I’ve given Halloween a lot of thought since having kids, have debated it and pondered, have looked up its history and tried to decide where I come down on it. Inevitably, I come to the conclusion that, like a Christmas tree or the face of Jesus most often used (stolen from Zeus, if you didn’t know, LOL), it has its roots in paganism, yes. But like a Christmas tree or how I envision my Savior, it’s about my heart, not any outward appearances.
That said, I still find the history fascinating. This is me, after all. 😉 And since this is me, chances are good that all the times I’ve looked this up and read about it have turned into a bit of a story in my mind, so if I get something wrong, don’t hold it against me, LOL. I’m going on memory here, along with the history of the word itself given by www.etymonline.com. =)
Halloween is a Scottish shortening of “Allhallow-Even.” Literally, the Eve of All Hallow’s Day. We don’t use the word “hallow” much these days, but it means “holy, consecrated.” More, it means to make something holy or consecrated. So when we pray “hallowed be thy name,” we are saying WE will make it, keep it holy.
Now, in the Celtic calendar, this was the last night of the old year, a witch’s night. When the Christians came in, they “hallowed” the day–they deemed that that was the day when they would pay respect to all the saints not otherwise honored on a given day.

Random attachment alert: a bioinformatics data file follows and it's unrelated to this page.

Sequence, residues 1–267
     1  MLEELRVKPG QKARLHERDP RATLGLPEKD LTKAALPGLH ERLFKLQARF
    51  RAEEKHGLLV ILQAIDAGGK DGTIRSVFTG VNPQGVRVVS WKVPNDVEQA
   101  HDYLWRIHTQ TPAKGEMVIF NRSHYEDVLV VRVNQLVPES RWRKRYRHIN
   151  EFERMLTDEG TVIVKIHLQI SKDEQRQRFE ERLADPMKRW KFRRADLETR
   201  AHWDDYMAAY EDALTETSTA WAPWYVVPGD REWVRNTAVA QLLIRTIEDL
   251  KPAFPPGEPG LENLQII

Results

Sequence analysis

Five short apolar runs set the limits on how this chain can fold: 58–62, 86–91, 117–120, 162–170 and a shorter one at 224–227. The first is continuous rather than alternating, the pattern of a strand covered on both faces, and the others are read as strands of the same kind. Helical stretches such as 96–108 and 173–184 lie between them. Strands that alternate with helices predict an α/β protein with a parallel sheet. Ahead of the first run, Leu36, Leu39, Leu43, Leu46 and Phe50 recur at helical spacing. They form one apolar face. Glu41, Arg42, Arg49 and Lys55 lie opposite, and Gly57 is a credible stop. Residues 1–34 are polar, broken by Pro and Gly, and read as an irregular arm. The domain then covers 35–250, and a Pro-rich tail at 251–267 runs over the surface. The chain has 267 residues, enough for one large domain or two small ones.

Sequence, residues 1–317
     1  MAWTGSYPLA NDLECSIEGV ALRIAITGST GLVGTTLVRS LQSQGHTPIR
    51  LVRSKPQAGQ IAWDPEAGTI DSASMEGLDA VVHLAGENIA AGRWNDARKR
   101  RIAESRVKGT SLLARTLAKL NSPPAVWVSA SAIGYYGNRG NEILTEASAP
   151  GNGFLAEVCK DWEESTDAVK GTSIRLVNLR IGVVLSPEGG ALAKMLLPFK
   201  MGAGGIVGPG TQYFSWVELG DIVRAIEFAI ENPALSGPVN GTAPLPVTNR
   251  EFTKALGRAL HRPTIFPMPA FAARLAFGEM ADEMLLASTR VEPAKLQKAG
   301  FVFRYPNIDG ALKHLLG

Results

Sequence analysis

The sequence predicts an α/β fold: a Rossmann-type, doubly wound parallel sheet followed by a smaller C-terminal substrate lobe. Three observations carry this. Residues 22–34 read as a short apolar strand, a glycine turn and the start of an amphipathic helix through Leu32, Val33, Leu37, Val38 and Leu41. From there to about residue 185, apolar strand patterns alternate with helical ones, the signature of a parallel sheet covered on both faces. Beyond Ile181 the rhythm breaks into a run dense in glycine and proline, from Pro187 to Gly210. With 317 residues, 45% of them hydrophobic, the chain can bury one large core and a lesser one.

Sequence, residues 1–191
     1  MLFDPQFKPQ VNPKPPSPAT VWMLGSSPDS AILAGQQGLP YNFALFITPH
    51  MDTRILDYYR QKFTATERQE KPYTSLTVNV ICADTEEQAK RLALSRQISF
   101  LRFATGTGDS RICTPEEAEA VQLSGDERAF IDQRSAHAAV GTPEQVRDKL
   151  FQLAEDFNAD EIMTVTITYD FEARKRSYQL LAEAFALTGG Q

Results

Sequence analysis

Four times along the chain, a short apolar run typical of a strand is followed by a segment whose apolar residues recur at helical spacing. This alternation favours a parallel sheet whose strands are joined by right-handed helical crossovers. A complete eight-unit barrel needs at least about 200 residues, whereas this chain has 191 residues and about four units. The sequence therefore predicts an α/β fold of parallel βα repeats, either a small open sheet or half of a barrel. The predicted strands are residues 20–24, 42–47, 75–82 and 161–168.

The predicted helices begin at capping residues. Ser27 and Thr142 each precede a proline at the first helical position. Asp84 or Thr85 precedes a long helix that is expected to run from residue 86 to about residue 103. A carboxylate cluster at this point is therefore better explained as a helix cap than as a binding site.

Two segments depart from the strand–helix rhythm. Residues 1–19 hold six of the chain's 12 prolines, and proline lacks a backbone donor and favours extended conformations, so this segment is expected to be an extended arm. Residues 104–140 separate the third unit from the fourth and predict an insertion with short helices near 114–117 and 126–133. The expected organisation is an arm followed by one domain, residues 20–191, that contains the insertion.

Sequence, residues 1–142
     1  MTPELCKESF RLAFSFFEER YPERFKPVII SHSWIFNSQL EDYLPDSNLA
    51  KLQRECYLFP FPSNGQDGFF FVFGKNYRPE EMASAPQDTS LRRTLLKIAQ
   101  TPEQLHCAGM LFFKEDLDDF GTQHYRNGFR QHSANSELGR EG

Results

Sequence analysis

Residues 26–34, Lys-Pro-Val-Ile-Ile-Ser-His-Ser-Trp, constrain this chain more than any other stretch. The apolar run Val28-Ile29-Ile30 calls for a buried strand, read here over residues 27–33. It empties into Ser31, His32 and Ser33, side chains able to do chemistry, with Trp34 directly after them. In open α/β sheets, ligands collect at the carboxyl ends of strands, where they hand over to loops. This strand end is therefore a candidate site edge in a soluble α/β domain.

Needless to say, this wasn’t a seamless transition. Christianity obviously was not embraced overnight, and whether one observed the old Celtic rituals or the new Christian ones was a cause of great strife. Fear. Panic. And sometimes death.
Halloween was serious business. People honestly believed ghosts and ghouls and witches would be on the prowl, hunting their souls–and they may have been right. So they prayed, and they called on the traditions that hadn’t quite gotten washed away yet–they tried to scare the evil off by carving faces in gourds, and by dressing up in costumes meant to trick and scare the tricksters. (Or so I’ve gleaned from various sites . . . don’t quote me on this, LOL.) It’s a time when we reflect on those who have gone on before us (the actual meaning of these “saints”) and so remember the dead.
There are Christians aplenty who refuse to acknowledge Halloween, and I understand why. It is indeed a night when tradition says evil comes out–but it’s also a night whose traditions that are still in effect come to us because people want to fight, want to escape that evil. Like any holiday, it’s about finding the sacred, the holy, and washing the darkness with light. Making it hallowed.
Whether or not your family goes trick-or-treating, I wish you all a safe day and eve, and pray that the Lord’s light will illumine your path.